In this slight collection of stories, first published in Spanish in 2008, the Mexican writer Nettel (After the Winter, 2018, etc.) plumbs the depths of human perversion.
One character haunts restaurant toilets, becoming obsessed with a strange woman simply based on the smell of her poo ("Petals"); another peeps on her neighbor, getting a voyeuristic thrill from watching him masturbate while his date sits in another room ("Through Shades"); a third character can't give up her obsessive-compulsive tendency to pluck hair from all over her body, even when it costs her intimacy ("Bezoar"). Too often, weirdness feels overdetermined in these stories, as though the point is to see what happens when you reduce a person to one disgusting habit or strange passion. Still, there are some successes: In "Bonsai," the narrator's secret obsession with a garden is a useful vehicle to explore how keeping secrets can be estranging. The husband's weekly visits to the greenhouse, which his wife once loved, persuade him that he's a cactus and she's a climbing vine, two plants that are too different to live together. While Nettel's odd characters unnerve, her insights are nervy and occasionally brilliant. Describing her mother's fear of dying, one character says, "When your mother is afraid it's as if suddenly she can no longer feed you, as if, right this minute, she'd take her breast out of your mouth." Or as the narrator of "Bezoar" observes about her mania: "When one has allowed oneself to be controlled for so long by actions one does not recognize as one's own...when one has loosened the sphincter of one's willpower...one knows even less if one's actions could be considered ‘irresponsible.’ "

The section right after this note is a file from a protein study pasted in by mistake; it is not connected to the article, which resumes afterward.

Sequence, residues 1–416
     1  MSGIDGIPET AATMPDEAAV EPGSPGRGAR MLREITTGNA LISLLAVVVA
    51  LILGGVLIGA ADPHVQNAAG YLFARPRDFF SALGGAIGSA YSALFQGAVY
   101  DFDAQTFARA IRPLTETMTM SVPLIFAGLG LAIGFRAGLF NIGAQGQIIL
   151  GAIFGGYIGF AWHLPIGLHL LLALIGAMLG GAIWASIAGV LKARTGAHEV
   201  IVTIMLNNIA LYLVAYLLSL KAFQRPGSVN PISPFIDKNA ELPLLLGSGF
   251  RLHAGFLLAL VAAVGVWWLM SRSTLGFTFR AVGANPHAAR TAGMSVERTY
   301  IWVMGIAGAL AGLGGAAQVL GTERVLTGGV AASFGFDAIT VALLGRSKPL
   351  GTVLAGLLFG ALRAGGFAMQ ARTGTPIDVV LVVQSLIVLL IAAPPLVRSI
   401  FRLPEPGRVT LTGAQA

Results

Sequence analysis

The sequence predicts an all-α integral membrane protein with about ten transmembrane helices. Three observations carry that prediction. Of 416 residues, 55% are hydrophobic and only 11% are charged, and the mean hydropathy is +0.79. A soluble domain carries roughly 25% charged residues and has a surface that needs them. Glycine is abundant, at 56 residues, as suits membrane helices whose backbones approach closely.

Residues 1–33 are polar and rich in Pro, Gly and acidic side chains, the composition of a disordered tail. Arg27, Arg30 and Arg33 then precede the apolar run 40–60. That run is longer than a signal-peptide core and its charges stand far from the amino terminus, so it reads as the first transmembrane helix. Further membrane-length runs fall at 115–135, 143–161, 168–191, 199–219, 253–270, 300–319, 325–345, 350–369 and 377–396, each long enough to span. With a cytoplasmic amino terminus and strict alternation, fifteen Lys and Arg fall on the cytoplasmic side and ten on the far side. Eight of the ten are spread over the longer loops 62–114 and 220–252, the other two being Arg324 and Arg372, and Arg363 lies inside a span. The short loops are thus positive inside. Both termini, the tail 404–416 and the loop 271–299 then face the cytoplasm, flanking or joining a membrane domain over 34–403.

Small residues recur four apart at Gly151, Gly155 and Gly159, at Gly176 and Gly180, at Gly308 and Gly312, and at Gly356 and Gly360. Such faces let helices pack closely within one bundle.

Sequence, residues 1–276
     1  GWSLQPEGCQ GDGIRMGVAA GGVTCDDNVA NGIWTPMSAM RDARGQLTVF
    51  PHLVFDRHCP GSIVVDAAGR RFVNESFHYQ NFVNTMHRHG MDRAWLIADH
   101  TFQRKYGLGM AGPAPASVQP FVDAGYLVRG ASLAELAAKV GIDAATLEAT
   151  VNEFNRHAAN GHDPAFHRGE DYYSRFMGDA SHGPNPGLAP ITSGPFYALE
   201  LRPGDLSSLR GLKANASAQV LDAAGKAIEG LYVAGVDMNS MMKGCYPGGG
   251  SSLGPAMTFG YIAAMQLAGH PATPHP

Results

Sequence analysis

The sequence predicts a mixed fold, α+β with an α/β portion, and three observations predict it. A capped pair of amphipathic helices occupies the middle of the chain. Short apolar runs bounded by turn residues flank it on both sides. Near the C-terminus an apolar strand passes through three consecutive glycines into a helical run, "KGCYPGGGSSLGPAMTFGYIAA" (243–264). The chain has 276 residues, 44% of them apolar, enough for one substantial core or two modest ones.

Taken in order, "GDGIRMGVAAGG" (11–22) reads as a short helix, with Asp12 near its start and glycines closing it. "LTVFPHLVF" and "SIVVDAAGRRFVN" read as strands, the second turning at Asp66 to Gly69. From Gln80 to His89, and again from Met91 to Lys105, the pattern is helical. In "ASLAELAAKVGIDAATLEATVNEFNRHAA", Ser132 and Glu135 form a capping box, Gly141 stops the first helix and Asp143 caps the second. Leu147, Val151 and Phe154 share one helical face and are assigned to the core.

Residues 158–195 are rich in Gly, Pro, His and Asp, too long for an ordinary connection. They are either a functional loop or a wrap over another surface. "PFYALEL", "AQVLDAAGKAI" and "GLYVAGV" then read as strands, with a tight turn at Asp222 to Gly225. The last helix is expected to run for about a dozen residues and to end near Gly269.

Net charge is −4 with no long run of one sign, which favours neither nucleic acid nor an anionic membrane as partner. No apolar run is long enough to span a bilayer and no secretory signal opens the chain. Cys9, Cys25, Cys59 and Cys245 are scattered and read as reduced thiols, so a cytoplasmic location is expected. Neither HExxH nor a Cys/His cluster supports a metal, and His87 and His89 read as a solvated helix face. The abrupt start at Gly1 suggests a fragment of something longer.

Some readers will love Nettel's penetrating gaze while others may wish it were aimed at subjects less scatological.